IF YOU'RE THINKING of seeing the country by train this summer but have not made reservations yet, you'd better hurry-and keep your schedule flexible. Thanks to the gas squeeze, many of Amtrak's long-distance trips are heavily booked for weeks to come. Last month, according to Amtrak, 756,246 requests for reservations had to be turned away.
This may be frustrating for summer travelers. It delights everyone who wants to save the costly, sparsely-used routes that the administration has planned to cancel next fall. Under growing public and congressional pressure, Transportation Secretary Brock Adams last week agreed to continue any of those trains that gain enough riders and revenue. People will "vote by buying tickets," he said.
Using ridership as a referendum is fine in one respect. Any train that is not popular this summer should be killed without another thought. However, a surge of business in one atypical season will not say much about the long-run prospects for long-haul passenger trains. The record of public abandonment of the rails is too immense to be that easily set aside. Last year, for instance, the Grand Canyon counted nearly 3 million visits. How many tourists used the train to Flagstaff? Only 15,000 to 20,000. And how many people used the stations next to Glacier National Park? Perhaps 6,000 - while there were 1.5 million visits to the park.
A vast increase in vacation traffic this year would not really prove that public preferences have changed. In fact, if this summer's train travelers were really polled, we suspect that many, besides mentioning as problems, would say they have come aboard because they want to ride the Southwest Limited or the Crescent once (or possibly once more) before it vanishes. That gets to the heart of the problem. Trains may be a sentimental favorite and a once-in-a-lifetime joy. But for most long-distance travel, they are no longer the most convenient or economical way to go. Buses are cheaper. Planes are much faster - and now less expensive, too.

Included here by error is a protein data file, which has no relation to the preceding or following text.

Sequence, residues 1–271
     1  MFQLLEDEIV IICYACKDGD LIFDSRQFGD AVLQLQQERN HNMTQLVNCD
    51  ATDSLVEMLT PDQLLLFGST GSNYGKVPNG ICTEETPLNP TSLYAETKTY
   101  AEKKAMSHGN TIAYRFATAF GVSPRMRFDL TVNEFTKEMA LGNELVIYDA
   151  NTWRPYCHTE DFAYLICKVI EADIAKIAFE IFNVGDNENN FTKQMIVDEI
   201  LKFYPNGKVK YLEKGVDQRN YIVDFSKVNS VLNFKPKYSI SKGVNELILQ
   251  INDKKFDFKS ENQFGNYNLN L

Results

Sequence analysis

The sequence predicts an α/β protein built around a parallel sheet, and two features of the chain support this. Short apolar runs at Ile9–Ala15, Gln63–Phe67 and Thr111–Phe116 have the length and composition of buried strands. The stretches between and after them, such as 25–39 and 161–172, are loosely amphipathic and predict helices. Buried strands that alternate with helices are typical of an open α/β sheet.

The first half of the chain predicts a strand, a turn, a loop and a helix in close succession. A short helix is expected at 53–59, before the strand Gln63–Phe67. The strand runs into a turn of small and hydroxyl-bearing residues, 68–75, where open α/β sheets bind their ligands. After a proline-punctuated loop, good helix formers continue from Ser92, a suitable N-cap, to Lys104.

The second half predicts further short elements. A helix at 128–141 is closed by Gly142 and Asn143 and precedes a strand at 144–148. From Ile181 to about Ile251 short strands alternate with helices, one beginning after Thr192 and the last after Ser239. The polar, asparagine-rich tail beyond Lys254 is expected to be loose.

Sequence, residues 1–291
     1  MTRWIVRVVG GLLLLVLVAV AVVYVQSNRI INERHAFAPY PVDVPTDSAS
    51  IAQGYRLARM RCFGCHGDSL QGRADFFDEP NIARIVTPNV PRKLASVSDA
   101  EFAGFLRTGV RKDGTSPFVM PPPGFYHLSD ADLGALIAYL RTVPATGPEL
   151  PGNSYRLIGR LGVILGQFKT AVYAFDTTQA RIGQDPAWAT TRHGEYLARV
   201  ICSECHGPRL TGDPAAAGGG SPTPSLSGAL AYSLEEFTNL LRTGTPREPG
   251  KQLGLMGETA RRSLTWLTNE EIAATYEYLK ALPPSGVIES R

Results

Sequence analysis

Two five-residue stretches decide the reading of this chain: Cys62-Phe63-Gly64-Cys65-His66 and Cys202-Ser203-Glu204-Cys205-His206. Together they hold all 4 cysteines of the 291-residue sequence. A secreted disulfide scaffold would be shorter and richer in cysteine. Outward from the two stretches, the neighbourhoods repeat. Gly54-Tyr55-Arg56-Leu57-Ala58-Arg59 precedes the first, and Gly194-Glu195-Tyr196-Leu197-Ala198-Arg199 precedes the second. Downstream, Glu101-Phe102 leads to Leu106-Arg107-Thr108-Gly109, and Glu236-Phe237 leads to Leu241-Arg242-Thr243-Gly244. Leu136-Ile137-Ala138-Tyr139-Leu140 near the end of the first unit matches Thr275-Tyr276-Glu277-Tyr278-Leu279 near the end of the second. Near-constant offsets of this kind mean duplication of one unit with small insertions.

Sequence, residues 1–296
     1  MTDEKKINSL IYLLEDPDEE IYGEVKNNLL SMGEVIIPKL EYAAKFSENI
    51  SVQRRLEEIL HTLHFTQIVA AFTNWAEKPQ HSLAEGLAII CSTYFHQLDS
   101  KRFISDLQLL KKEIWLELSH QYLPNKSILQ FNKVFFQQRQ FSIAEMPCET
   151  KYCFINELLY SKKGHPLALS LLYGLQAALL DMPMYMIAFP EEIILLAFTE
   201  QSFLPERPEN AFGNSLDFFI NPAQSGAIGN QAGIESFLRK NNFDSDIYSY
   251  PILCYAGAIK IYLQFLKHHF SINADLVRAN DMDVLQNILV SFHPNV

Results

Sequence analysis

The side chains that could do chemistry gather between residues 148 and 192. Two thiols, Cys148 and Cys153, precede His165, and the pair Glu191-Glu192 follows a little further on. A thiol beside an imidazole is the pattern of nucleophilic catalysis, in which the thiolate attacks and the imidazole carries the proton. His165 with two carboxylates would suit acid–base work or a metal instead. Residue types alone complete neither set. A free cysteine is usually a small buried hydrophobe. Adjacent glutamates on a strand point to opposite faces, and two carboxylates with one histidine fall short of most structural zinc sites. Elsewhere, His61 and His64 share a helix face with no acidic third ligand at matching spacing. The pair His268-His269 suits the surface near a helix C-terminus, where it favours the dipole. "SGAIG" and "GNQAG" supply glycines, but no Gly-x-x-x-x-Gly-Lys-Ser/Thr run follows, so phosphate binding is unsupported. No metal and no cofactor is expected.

Consider just a few more figures. Amtrak's operating subsidies now exceed $500 million per year. Some of that helps sustain service that has proved its popularity and worth-along the eastern seaboard, on the West Coast, around Chicago. But under the House Commerce Committee's formula, which Mr.Adams is now willing to accept, much less well-used trains could be saved if they lose no more than 7 cents per passenger mile. That may sound small, but it adds up to a public subsidy of $70 per passenger ( or over $10,000 per train) for a 1,000-mile trip. It is a high price for preserving some sentimental favorites that have become almost everyone's second or third actual choice.